Sunday, February 25, 2018

#56 / Another Two Worlds Concept

I like to say that we live in "two worlds." And I mean that we live in these "two worlds" simultaneously.

Ultimately, of course, we live in the World of Nature, upon which all life is totally dependent. Those comfortable with using religious language would call this the "world that God created." Those not comfortable talking about God can just call this world the "Natural World." The facts are clear enough, no mater how they are discussed. All life is dependent on the World of Nature that preexisted us, and in which we find ourselves mysteriously (or maybe even miraculously) alive. This Natural World operates on the basis of laws that we can learn about, and then can learn to use, but these are laws that we can never change. "You can't repeal the law of gravity" might be one way of getting the point across. In the World of Nature we are creatures, not creators.

Of course, we do not live, directly, in the World of Nature. That is perhaps the one fundamental difference between humans and all other living things. Every other living thing lives directly in the World of Nature. We alone, as human beings, live most immediately in a world that we have created for ourselves.

We modify the Natural World, rather than accepting it as it presents itself to us, and we thus construct a "human" world within the World of Nature. This is a world that can be called "civilization." I usually call it the "political world," because what happens in that world depends on human action, which depends on human decision and choice, so that the shape of our civilization is subject to our "political" control, and responds to the decisions we make.

In the "political world" that we most immediately inhabit, we make the laws, and we decide what exists and what doesn't. Our world is a world of freedom, not constraint. Our "laws," unlike the law of gravity, and other laws of nature, don't describe what must and will happen. Human laws are not "descriptive," but "prescriptive." Human laws are the "prescriptions" we write for ourselves, and they tell us not what must occur, but what we want to occur. These human laws, of course, can be changed, which is where "politics" comes in. Furthermore, they can be disregarded, as patients may disregard their doctor's prescriptions.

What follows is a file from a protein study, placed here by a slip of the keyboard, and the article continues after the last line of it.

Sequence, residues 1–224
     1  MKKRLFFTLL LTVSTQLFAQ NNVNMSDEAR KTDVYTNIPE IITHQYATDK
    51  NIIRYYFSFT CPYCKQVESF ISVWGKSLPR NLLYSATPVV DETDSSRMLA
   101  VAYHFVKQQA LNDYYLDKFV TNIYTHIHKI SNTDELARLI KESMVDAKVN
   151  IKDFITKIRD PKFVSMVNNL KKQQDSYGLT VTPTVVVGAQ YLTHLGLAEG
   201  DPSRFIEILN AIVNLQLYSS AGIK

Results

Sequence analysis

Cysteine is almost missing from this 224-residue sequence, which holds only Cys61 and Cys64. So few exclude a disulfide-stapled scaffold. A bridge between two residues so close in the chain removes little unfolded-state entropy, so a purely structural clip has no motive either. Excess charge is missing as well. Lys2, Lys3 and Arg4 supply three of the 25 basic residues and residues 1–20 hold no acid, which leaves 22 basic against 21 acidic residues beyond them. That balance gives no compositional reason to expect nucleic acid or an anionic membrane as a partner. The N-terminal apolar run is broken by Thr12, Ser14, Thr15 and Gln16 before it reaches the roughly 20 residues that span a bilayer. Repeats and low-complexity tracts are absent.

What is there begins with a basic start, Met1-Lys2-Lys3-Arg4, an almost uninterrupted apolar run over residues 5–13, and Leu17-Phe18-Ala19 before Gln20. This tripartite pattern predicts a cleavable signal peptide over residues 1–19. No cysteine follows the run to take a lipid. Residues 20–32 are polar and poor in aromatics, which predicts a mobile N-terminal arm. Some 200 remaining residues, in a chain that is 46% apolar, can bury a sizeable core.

This "two worlds" concept has been helpful to me, which is why I keep talking about it. To honor Nature (what we usually call "the environment") is to recognize our subordination to the Natural World, and our dependence on it. This is vital, because if we fail to understand our radical dependence on the Natural World, our human civilization is doomed. On the other hand, it is also vital to recognize our freedom, within the human world, to take any action we wish to take, and thus fully to appreciate our power both individually and collectively. Nothing is inevitable within the world that we create, and if there is any hope for us, realizing this truth about our human world is where that hope is found. While the momentum of past choice is pushing us always in directions set earlier, anything we have begun or created can be modified or abolished. Even "peace" is possible! Within the world we create, within our human world, everything we can think of, we can do.


For the last several years, I have been teaching a course at the University of California at Santa Cruz on "Privacy, Technology, And Freedom." I have come to realize that it might be helpful to start thinking about another "two worlds" concept.

The "digital world," or the "world in the cloud," or what I think of as the "virtual world," is a world that most of us frequent all the time You are in that "virtual world" right now if you are reading this blog posting on some electronic device. The "virtual" world, as I am using the term, is a world that is totally under human control. So, in my "two worlds" scheme, what I am calling virtual reality* is simply an aspect of the reality of the human world that we have chosen to create. However, there is something unusual about this "virtual reality," at least I think so.